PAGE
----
The actress now calls herself a "champion" of the movement.
After saying that women sharing stories of sexual harassment “makes them look weak” and suggesting that some who do so are “attention-seekers,” Lindsay Lohan has clarified her remarks and apologized for them.
“I would like to unreservedly apologize for any hurt and distress caused by a quote in a recent interview with The Times,” she told People, adding that her comments “solely related to my hope that a handful of false testimonies out of a tsunami of heroic voices do not serve to dilute the importance of the #MeToo movement, and all of us who champion it.”
“However, I have since learned how statements like mine are seen as hurtful, which was never my intent,” Lohan continued in a statement. “I feel very strongly about the #MeToo movement and have the utmost respect and admiration for the women brave enough to come forward and speak out about their experiences.”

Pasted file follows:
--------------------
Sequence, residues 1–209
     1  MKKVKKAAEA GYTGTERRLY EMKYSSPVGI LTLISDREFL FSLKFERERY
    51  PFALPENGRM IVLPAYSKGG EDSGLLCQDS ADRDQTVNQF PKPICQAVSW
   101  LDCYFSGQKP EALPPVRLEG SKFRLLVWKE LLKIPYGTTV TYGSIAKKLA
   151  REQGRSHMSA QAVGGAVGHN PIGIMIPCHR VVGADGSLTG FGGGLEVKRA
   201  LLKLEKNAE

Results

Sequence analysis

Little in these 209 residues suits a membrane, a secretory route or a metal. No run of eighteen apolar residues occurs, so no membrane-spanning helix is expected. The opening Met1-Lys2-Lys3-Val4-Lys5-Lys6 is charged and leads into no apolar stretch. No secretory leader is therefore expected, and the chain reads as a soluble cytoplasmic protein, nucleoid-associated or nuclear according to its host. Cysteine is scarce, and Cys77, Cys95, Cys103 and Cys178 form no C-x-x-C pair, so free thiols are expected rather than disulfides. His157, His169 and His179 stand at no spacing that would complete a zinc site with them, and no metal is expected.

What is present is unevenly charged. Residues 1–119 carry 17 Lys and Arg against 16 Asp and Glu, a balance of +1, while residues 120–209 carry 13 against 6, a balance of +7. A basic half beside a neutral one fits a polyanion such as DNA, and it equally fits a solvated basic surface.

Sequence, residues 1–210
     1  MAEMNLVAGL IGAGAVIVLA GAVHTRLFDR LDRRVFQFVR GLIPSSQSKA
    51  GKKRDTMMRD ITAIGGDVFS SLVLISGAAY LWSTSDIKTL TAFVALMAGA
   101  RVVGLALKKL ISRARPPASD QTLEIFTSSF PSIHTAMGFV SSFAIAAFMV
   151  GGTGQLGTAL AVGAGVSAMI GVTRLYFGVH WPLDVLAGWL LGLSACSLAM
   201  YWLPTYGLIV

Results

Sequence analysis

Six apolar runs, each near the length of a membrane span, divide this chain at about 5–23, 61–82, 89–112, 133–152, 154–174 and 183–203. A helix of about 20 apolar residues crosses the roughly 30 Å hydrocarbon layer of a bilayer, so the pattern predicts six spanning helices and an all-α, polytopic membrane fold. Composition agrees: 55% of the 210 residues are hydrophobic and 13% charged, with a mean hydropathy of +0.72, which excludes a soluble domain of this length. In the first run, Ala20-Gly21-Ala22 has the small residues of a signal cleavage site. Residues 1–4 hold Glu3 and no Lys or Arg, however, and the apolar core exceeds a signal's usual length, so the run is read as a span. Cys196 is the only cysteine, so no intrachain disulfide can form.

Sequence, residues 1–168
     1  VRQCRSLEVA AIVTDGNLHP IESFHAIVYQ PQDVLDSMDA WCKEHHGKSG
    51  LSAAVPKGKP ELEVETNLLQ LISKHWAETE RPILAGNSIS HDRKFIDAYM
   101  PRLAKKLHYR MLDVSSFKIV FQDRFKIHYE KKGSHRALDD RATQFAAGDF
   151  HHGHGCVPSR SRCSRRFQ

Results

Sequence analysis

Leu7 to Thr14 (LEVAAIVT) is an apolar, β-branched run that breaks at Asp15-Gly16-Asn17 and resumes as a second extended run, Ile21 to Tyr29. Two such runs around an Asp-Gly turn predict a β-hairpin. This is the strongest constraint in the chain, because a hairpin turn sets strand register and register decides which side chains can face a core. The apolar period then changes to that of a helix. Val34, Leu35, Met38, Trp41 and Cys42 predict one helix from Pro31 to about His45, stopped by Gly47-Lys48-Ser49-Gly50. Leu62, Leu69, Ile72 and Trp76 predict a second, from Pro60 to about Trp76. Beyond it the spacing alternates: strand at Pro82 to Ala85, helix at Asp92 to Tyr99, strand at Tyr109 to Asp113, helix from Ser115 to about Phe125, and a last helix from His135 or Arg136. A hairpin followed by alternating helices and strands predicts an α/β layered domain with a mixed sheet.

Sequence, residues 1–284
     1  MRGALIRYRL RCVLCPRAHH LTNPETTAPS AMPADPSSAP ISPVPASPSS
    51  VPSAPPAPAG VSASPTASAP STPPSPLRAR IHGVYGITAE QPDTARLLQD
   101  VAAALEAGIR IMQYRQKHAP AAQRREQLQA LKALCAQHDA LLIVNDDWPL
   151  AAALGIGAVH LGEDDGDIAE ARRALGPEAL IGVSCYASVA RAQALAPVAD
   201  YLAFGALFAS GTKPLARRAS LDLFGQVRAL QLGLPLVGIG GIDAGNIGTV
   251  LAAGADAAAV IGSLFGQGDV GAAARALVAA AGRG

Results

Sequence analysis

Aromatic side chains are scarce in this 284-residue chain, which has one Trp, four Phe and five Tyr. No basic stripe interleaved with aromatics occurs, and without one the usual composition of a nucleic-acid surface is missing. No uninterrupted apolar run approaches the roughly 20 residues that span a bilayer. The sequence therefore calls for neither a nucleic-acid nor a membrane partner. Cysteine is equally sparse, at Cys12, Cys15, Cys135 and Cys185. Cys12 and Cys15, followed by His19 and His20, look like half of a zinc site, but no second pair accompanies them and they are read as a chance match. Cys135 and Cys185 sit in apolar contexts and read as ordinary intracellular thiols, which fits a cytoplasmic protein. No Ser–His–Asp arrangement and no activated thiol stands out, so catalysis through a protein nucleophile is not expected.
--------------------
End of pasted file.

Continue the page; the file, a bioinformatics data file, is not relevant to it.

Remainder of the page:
That’s a stark contrast to her controversial statements earlier this week. “I’m going to really hate myself for saying this, but I think by women speaking against all these things, it makes them look weak when they are very strong women,” Lohan said. “You have these girls who come out, who don’t even know who they are, who do it for the attention. That is taking away from the fact that it happened.”
Lohan had previously defended Harvey Weinstein, making her one of the few to do so. The former executive “never harmed me or did anything to me,” she said. “We’ve done several movies together. I think everyone needs to stop; I think it’s wrong.”